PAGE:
If there’s no news, manufacture some. That seems to capture Kerala Tourism’s newfound approach to creating a buzz.
What other rationale could account for the press release that presumably fuelled newspaper reports that talk about how British celebrities who visited Kerala have used Twitter to create excitement about going to Kerala. For more go here, here and here.
While Kerala may, perhaps, trend on Twitter occasionally, I’m not so sure if two British ‘celebrities’ Tweeting about Kerala qualifies as a celebration of God’s Own Country’s charms. Especially as both Sadie Frost’s and Preeya Kalidas’ tweets are from almost a year ago — March and April 2011 to be exact.
So it is rather strange that these ‘celebrity’ Tweets and visits, and a bunch of others, are being tom-tommed now, several months after they happened. Intriguing too that Claudia and Gerhard Mueller are on the list of celebrity visitors to Kerala courtesy their footballer son Thomas; filial fame is transferable I guess.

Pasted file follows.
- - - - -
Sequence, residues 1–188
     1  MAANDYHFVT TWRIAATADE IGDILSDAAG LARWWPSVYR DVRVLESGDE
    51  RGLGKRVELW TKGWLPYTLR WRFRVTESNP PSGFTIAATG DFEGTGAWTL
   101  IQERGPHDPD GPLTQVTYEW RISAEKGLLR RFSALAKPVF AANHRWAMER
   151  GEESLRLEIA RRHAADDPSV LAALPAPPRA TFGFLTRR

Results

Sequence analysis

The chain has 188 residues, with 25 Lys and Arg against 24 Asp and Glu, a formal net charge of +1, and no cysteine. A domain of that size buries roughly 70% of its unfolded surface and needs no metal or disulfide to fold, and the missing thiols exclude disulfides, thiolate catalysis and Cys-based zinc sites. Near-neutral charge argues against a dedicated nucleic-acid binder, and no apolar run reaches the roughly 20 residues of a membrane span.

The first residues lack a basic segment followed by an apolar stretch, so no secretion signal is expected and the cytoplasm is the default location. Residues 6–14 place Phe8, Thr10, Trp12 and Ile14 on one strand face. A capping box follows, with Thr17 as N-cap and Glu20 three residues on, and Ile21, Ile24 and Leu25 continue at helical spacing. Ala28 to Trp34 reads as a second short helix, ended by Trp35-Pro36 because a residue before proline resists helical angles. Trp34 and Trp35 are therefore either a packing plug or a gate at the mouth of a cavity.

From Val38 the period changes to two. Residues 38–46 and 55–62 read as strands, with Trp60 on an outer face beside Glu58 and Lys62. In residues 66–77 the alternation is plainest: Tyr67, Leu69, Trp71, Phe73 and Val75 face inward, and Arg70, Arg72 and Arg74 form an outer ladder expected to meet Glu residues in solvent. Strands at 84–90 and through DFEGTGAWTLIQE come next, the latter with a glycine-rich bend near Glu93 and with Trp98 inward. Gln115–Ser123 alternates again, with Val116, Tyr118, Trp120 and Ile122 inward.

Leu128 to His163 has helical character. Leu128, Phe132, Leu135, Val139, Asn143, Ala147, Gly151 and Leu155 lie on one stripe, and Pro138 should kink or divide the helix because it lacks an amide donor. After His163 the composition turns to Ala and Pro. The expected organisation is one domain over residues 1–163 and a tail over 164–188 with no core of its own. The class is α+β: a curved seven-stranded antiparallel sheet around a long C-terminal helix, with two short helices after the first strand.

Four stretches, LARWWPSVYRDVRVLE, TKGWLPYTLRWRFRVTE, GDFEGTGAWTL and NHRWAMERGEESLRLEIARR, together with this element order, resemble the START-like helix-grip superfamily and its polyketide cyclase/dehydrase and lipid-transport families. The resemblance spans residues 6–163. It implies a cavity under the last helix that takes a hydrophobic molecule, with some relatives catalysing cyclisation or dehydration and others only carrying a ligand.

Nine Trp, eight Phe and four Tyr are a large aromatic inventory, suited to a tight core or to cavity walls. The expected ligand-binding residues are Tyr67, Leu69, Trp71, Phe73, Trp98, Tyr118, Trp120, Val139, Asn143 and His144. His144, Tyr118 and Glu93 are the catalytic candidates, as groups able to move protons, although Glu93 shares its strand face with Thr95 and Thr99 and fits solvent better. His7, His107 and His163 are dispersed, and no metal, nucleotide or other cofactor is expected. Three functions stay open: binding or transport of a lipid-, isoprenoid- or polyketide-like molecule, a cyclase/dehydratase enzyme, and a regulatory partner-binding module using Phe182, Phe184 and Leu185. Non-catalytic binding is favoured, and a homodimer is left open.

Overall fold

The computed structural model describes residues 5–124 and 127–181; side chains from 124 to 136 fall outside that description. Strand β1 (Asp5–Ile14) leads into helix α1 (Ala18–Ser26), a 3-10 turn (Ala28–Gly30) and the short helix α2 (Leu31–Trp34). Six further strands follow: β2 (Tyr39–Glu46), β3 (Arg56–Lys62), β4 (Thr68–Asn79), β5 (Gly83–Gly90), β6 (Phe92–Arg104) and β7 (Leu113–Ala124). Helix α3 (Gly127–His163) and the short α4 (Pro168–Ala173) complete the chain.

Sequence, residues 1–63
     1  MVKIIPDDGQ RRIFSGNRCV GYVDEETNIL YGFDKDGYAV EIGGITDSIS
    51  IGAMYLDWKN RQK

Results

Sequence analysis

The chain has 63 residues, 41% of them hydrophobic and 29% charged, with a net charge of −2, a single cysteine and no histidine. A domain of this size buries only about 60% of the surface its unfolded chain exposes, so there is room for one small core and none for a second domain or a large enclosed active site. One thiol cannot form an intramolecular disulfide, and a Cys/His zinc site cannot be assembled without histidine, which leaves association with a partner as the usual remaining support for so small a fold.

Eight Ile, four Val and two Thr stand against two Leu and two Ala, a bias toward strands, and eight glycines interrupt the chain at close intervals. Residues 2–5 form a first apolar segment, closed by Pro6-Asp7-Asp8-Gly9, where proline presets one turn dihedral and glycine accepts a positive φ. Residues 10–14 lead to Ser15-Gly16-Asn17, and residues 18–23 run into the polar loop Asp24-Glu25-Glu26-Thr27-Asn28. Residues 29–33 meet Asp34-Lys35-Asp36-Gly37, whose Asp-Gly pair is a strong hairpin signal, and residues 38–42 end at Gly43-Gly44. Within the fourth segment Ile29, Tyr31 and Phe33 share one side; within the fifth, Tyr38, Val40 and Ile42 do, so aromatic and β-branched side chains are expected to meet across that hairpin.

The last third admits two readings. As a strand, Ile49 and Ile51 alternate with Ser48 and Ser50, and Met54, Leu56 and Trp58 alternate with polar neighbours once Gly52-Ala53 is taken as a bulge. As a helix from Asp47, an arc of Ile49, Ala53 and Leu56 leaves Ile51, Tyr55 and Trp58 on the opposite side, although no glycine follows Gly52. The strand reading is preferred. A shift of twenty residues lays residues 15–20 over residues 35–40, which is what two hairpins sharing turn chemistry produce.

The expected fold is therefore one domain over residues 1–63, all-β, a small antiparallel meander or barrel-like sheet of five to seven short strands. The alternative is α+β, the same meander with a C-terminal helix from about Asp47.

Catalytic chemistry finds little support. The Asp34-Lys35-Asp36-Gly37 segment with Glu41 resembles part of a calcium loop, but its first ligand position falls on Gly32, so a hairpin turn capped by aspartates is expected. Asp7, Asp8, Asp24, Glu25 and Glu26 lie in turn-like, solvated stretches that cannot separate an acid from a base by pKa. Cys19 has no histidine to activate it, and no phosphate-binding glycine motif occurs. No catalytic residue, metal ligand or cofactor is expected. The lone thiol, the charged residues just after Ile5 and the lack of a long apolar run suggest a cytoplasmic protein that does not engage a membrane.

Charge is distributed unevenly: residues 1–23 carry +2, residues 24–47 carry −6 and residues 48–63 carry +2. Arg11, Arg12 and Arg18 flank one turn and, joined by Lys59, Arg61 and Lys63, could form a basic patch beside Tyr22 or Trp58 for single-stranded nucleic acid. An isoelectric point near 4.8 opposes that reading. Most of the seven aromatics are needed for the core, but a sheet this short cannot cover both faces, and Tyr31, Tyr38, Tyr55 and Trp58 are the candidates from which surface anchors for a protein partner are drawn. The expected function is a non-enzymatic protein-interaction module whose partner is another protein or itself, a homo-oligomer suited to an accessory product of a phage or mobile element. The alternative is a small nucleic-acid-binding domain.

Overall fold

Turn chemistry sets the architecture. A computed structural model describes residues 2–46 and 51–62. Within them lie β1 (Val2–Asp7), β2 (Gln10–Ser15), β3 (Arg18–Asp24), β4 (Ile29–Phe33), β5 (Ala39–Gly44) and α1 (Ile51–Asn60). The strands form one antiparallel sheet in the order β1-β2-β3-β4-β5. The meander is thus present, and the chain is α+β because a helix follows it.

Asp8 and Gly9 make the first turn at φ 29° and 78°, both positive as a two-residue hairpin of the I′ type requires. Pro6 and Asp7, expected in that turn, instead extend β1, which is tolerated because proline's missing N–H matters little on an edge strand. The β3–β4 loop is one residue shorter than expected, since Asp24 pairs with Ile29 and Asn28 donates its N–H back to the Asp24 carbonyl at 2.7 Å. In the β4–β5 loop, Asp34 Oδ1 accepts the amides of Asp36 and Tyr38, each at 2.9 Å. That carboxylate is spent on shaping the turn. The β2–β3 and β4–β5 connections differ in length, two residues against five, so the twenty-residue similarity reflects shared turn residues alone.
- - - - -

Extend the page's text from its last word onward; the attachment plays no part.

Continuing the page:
Now the UK has, for years, accounted for the largest chunk of foreign tourists visiting Kerala. So it would have been pretty meaningful and, perhaps, interesting if Kerala Tourism had told a story connecting these celebrity visits and tweets with the real leg-up they gave Kerala’s tourism sector. If they had been able to say something like: ‘OK, these celebrities from Britain visited Kerala in March last year and spoke about the great time they had here. Based on those endorsements these other folks have actually visited Kerala.’
For example, Sadie Frost sent this tweet to three of her Twitter followers/friends suggesting that they holiday in Kerala. Let’s assume that at least one of them actually took her advice and visited Kerala. What a powerful story it would have been if Kerala Tourism had tracked the response that this particular tweet evoked and had been able to say: ‘Sadie Frost’s endorsement worked because “so and so” visited Kerala on her advice.’ A real life story like that would have added so much more to the Kerala Tourism brand.
Instead you have communication that seems more vapour than water. And that’s a pity for a brand that has always done things differently.